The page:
If this second rule had been followed, Camille Cleverley’s disappearance might not have become a major news event, family and friends might have had closure eight days earlier, an entire university’s faculty and student body might not have unnecessarily have been put on alert, and a great deal of resources (law enforcement, volunteer, etc) might have been saved.

A final rule for outdoor activities is to implement proper risk management. This is closely related to the first rule of proper preparedness. But the point of this rule is to properly mitigate the risks of the activities in which you engage. For example, about the same time Cleverley went missing, a high school exchange student drowned in Causey Reservoir while trying to swim across the reservoir (see here). Signs posted in the area prohibit swimming there without a personal flotation device, however, nobody in the student’s group was using one. While free swimming might be perceived as more fun, no one would have drowned had the swimmers been wearing PFDs.

Many will say that no one should ever go hiking alone. While this would likely have mitigated much of the problem with Cleverley’s disappearance, I am reluctant to make this a hard and fast rule for everyone in every situation. Much depends on the terrain and remoteness of the area, as well as the training and preparedness of the hiker. I sometimes hike alone, but I follow the three rules stated above and I am careful to avoid unnecessary risks. Frankly, not many hikers are as gutsy and resourceful (and insane) as Aron Ralston, who amputated his own arm that was pinned by a boulder when he was hiking solo in 2003. After cutting off his arm with a dull pocketknife, Ralston rappelled down a slope and hiked out until he met rescuers. Valient? Yes. Unnecessary? Absolutely.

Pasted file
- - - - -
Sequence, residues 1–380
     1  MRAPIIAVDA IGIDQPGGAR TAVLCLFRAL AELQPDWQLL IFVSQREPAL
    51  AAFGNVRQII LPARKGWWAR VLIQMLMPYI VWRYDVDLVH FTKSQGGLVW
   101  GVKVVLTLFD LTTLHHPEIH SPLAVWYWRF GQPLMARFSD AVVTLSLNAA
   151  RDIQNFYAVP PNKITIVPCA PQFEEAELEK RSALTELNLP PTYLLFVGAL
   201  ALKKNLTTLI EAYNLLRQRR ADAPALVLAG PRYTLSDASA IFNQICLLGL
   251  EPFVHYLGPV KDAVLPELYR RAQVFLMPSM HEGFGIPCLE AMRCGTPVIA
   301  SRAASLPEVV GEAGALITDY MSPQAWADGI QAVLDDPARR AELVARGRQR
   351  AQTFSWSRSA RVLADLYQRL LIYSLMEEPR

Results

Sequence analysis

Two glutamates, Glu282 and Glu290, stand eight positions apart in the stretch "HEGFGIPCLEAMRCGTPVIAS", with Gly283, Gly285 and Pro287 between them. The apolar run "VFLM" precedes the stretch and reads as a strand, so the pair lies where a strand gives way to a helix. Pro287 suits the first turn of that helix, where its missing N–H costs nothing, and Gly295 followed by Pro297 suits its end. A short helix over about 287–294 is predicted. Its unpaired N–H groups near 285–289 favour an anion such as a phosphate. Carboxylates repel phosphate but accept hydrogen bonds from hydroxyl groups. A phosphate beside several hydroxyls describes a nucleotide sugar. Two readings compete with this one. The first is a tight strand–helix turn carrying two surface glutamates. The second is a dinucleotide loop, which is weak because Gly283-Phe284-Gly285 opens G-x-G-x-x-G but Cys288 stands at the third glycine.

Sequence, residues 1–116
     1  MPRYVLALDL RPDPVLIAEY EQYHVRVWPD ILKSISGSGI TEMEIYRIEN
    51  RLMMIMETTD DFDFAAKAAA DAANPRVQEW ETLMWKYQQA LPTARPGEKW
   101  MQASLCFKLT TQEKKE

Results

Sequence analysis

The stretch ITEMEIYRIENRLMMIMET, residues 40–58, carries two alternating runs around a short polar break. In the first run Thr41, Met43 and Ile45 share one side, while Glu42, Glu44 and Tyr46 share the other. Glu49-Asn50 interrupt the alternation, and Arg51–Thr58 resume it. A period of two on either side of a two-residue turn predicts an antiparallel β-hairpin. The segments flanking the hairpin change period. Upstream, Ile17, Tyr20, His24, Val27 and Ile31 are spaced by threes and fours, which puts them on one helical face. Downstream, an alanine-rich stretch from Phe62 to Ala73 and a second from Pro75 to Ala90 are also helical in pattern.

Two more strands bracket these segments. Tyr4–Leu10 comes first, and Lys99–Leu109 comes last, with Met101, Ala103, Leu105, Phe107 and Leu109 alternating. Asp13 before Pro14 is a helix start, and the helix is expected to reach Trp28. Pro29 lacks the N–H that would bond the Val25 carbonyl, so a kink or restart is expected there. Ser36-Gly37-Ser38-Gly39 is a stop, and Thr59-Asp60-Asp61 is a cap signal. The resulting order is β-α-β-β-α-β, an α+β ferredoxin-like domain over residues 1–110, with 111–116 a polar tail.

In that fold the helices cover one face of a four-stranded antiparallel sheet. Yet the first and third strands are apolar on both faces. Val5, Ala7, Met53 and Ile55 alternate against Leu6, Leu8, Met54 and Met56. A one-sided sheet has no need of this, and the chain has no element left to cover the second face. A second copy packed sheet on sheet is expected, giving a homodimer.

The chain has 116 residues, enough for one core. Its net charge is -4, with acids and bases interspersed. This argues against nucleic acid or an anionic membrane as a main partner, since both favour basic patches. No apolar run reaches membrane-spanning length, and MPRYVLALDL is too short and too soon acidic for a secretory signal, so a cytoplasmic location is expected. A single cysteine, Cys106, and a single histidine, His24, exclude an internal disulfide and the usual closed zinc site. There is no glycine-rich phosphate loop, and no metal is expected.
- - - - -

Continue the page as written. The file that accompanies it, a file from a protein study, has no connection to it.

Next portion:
Utah County search and rescue teams are quite familiar with the Bridal Veil Falls area, since it is popular for hiking and climbing. It is not uncommon for them to be called out to rescue the victim of a climbing fall or to rescue someone stuck on a ledge.

Climbing can be a relatively safe sport if you follow safety precautions, such as climbing with a buddy, using proper gear and techniques, and avoiding climbs that are out of your league. Recent years have seen a rise in the popularity of free climbing. While free climbing does not preclude the use of safety ropes and equipment, many solo climbing enthusiasts avoid such for the exhilaration of pitting themselves against nature. This kind of thing might be exhilarating, but it is extremely unwise, especially when one is alone.

It’s great to have fun engaging in back country and outdoor activities. It can be done relatively safely. All you need to do is follow three simple rules: 1) Be prepared. 2) Have a plan, let a responsible person know what your plan is, and check in when you get back. 3) Properly manage risks.

For those of you in the “I don’t need no stinkin’ rules” crowd, please consider your family and friends. You might not care if you die, but someone else out there does. Don’t leave them in the lurch by your selfish actions. Even if you don’t care for your own safety, follow these simple rules so those that care about you can have peace of mind.


y-intercept said...

The Wasatch is wicked in that the trails near the mouths of the canyons are often steeper and more dangerous than those higher in the mountains. Here is a picture of the area just below Bridal Veil Falls. People who want to ride their bikes into the mountains for a hike will end up in the most dangerous parts of the canyon.

Scott Hinrichs said...

This is true. However, there are many trails that are relatively safe. These would be the more traveled trails. If you want more solitude than these trails offer, you need to be well prepared and equipped for dealing with them. In any case, it's important to let someone know where you're headed and when you plan to be back.